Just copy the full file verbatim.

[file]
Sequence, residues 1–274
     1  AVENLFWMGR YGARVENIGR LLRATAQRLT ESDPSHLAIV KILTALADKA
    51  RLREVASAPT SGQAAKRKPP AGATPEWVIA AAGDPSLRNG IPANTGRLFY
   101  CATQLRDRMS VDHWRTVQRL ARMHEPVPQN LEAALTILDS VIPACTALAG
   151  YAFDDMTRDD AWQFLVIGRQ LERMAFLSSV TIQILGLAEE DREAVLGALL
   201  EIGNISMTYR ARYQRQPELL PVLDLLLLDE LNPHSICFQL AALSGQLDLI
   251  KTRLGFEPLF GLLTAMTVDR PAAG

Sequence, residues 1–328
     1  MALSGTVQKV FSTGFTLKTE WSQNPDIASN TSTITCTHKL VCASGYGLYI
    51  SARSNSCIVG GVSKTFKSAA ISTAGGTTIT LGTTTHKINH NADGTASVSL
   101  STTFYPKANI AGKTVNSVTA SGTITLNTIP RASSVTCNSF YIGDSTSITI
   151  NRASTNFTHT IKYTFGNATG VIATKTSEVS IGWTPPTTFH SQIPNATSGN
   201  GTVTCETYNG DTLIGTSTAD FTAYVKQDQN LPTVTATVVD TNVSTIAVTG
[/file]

Sequence, residues 1–274
     1  AVENLFWMGR YGARVENIGR LLRATAQRLT ESDPSHLAIV KILTALADKA
    51  RLREVASAPT SGQAAKRKPP AGATPEWVIA AAGDPSLRNG IPANTGRLFY
   101  CATQLRDRMS VDHWRTVQRL ARMHEPVPQN LEAALTILDS VIPACTALAG
   151  YAFDDMTRDD AWQFLVIGRQ LERMAFLSSV TIQILGLAEE DREAVLGALL
   201  EIGNISMTYR ARYQRQPELL PVLDLLLLDE LNPHSICFQL AALSGQLDLI
   251  KTRLGFEPLF GLLTAMTVDR PAAG

Sequence, residues 1–328
     1  MALSGTVQKV FSTGFTLKTE WSQNPDIASN TSTITCTHKL VCASGYGLYI
    51  SARSNSCIVG GVSKTFKSAA ISTAGGTTIT LGTTTHKINH NADGTASVSL
   101  STTFYPKANI AGKTVNSVTA SGTITLNTIP RASSVTCNSF YIGDSTSITI
   151  NRASTNFTHT IKYTFGNATG VIATKTSEVS IGWTPPTTFH SQIPNATSGN
   201  GTVTCETYNG DTLIGTSTAD FTAYVKQDQN LPTVTATVVD TNVSTIAVTG